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Applied Optics

Applied Optics


  • Vol. 37, Iss. 9 — Mar. 20, 1998
  • pp: 1435–1440

Halo arcs from airborne, pyramidal ice crystals falling with their c axes in vertical orientation

Marko Pekkola, Marko Riikonen, Jarmo Moilanen, and Jukka Ruoskanen  »View Author Affiliations

Applied Optics, Vol. 37, Issue 9, pp. 1435-1440 (1998)

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Many halo arcs are caused by pyramidal crystals that have {1 0 -1 1} crystal faces. We treat halo arcs arising from pyramidal crystals that fall in the air with their c axes vertically oriented. To our knowledge only 6 of the 12 possible halo phenomena that belong to this category have been dealt with in the literature. Surprisingly the yet undiscussed halos are predicted to be of comparable intensity with those already treated. They are produced by reflections from pyramidal crystal basal faces. A theoretical summary and computer simulations are presented of the mentioned 12 halo phenomena and of the individual arcs into which they break in the sky. We give an overview to the current level of documentation of these phenomena by listing the first published photographs of each phenomenon known to the authors.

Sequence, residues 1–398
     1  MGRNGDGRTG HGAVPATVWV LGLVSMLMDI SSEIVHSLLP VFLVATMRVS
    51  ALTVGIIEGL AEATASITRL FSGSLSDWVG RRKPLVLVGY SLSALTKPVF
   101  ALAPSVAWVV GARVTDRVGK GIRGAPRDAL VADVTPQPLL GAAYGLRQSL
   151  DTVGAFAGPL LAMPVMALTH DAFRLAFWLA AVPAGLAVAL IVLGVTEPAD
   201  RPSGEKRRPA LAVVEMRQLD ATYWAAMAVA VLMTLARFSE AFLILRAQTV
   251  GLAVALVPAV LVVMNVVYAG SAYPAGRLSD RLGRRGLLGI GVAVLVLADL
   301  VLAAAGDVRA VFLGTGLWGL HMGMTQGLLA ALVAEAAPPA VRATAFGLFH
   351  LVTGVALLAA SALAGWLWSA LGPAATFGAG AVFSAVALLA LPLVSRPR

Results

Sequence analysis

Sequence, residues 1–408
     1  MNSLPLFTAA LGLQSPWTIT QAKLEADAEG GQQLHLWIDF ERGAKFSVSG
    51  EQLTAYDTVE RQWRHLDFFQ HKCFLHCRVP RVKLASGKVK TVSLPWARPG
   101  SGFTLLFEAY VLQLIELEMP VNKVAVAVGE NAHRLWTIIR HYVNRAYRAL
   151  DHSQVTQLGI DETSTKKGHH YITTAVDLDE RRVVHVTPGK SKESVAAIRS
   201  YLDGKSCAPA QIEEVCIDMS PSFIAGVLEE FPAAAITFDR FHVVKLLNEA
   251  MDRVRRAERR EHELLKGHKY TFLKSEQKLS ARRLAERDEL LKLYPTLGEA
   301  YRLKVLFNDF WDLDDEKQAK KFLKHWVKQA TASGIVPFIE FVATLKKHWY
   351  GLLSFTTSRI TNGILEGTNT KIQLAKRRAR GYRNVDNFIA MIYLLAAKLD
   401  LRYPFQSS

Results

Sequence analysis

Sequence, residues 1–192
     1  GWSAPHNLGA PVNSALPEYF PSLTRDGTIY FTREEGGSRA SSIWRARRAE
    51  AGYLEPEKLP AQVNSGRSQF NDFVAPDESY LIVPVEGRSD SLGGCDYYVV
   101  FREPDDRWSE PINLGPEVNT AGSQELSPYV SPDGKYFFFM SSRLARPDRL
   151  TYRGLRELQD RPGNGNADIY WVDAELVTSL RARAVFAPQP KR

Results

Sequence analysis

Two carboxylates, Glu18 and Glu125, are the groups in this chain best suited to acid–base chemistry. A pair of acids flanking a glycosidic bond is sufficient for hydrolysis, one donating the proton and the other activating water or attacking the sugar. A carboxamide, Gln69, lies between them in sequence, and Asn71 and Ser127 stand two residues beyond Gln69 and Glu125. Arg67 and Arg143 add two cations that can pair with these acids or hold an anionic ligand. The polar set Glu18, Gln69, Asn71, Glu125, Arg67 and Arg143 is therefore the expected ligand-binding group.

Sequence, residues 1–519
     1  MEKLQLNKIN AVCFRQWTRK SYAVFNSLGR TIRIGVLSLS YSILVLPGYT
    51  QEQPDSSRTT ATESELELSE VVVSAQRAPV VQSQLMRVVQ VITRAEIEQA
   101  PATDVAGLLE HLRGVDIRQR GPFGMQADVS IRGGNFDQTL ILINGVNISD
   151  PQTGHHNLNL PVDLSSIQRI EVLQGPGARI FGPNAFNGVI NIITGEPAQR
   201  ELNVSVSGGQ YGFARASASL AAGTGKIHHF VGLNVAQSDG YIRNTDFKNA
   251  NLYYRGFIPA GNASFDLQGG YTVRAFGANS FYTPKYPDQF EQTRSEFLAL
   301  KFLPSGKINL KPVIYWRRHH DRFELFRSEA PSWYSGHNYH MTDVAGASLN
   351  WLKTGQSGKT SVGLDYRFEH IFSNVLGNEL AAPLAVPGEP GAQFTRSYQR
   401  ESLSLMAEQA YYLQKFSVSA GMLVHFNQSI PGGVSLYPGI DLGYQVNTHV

© 1998 Optical Society of America

OCIS Codes
(010.1290) Atmospheric and oceanic optics : Atmospheric optics
(010.2940) Atmospheric and oceanic optics : Ice crystal phenomena

Original Manuscript: June 20, 1997
Revised Manuscript: October 21, 1997
Published: March 20, 1998

Marko Pekkola, Marko Riikonen, Jarmo Moilanen, and Jukka Ruoskanen, "Halo arcs from airborne, pyramidal ice crystals falling with their c axes in vertical orientation," Appl. Opt. 37, 1435-1440 (1998)

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  11. The extension of the word parhelia to ascribe arcs associated with odd radius halos was introduced by Tape in 1994 (Ref. 7). For convenience we apply the same term in this paper.
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